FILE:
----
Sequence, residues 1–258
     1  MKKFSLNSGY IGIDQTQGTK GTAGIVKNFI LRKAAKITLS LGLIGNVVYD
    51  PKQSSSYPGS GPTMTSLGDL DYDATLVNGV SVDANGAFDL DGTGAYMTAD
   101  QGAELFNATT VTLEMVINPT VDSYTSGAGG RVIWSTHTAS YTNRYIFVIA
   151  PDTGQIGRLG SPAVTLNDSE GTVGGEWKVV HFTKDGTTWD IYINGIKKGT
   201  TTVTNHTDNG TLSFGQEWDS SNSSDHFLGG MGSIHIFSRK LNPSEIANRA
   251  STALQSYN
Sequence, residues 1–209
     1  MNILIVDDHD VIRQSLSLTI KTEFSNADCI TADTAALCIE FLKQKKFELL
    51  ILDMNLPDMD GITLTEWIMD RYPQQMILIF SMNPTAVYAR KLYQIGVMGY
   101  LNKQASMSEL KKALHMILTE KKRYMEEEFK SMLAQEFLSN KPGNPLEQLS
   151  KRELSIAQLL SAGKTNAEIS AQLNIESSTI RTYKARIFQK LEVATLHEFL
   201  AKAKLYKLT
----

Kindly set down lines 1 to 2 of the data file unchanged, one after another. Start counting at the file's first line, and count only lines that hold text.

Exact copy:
Sequence, residues 1–258
     1  MKKFSLNSGY IGIDQTQGTK GTAGIVKNFI LRKAAKITLS LGLIGNVVYD